In a perfect world, reading nutrition labels would be an unnecessary skill. We’d have unlimited time and resources to grow, raise, purchase and prepare whole, unprocessed foods for ourselves and our families. Foods that don’t require nutrition labels or ingredient lists.
In reality, time and money are sometimes short and prepackaged products occasionally end up coming home from the grocery store with us.
While processed foods are typically not the best choices for weight or fat loss, you can minimize their damage on your diet by learning a few tips for reading nutrition labels!
Reading nutrition labels for fat loss
1. Don’t just look at calories. Pay attention to serving size as well. Integrating the two will give you a sense of how calorically dense a product is. When the ratio of calories to serving size is large (i.e., a lot of calories for only a bite or two), you may find yourself eating a larger portion, and hence more calories, than you planned on.
2. Scan for added sugar. Have a look at the total grams of sugar per serving. Regardless of where it comes from, sugar has an impact on your blood sugar levels and consequently, the hormones that regulate fat storage. Don’t stop at the nutrition label. Check the ingredient list for other forms of sugar and fake sugars, including (but not limited to) glucose, fructose, maltose, dextrose, cane sugar, beet sugar, sucralose, aspartame, liquid and alcohol sugars, brown sugar and molasses. How many can you find in the ingredient list below? Need some extra tips for reducing your sugar consumption?)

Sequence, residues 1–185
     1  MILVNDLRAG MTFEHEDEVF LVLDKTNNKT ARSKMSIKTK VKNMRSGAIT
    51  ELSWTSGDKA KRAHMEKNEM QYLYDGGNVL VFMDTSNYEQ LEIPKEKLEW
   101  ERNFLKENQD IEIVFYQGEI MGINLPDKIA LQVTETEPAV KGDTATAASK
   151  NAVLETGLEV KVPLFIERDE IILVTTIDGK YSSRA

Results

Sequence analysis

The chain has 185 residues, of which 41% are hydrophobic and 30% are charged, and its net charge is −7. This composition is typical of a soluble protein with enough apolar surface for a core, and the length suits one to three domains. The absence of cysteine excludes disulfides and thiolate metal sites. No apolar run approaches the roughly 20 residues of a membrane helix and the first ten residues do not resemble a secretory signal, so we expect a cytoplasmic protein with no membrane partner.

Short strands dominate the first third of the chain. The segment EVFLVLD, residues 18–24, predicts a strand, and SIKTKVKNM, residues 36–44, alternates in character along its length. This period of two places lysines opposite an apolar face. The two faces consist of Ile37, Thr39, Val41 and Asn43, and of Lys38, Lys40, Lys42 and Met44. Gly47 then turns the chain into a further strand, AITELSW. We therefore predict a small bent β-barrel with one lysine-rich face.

3. Feel fuller with fiber. Fruits and vegetables are naturally high in fiber. While whole grain products are fiber rich, they’re also quite high in sugar, thereby blunting the insulin response and encouraging fat storage. I aim for a minimum of 30 g of dietary fiber each and every day.
4. Take a pass on the salt. Sodium causes the body to retain excess water and interrupts nervous system function, thereby reducing the body’s ability to shed fat. It’s also implicated in heart disease and stroke. Look for products that have less than 200 mg per serving. Resist the temptation to add an extra dash or two at dinner.
5. Don’t assume that low fat is better. For many years, dietary fat was thought to be the primary contributor to obesity. As a result, many food manufacturers rushed to create ‘low fat’, ‘fat free’ and ‘lite’ versions of their products. However, in order for those products to remain palatable to consumers (fat is what gives much of food it’s taste), extra sugars (real and fake) were added to the formula. Turns out that dietary fat actually aids in weight loss, in particular when the fats consumed are monounsaturated (for example avocado, macadamia and hazelnuts, olive oil). Be wary of trading fat for sugar when selecting lower fat options…
6. Unpronounceable ingredients? Leave it on the shelf! All of my children learned this tip around the time they learned to read. Grocery shopping trips became so much easier when all I had to say when asked the question “Can we buy this?” was “Can you read me the ingredient list?” They knew that if it was unpronounceable them, we’d be leaving it on the shelf! (Of course, now that they’re older and become avid readers, this tip doesn’t work quite as well…)
Do you regularly read nutrition labels?
What are some things you look for when deciding whether to purchase prepackaged foods?
Disclaimer: I am a Certified Personal Trainer not a Registered Dietician or Nutritionist. The tips above are merely suggestions that I use myself and share with interested clients. For an individualized meal plan that addresses YOUR dietary needs and goals, please see a nutrition professional.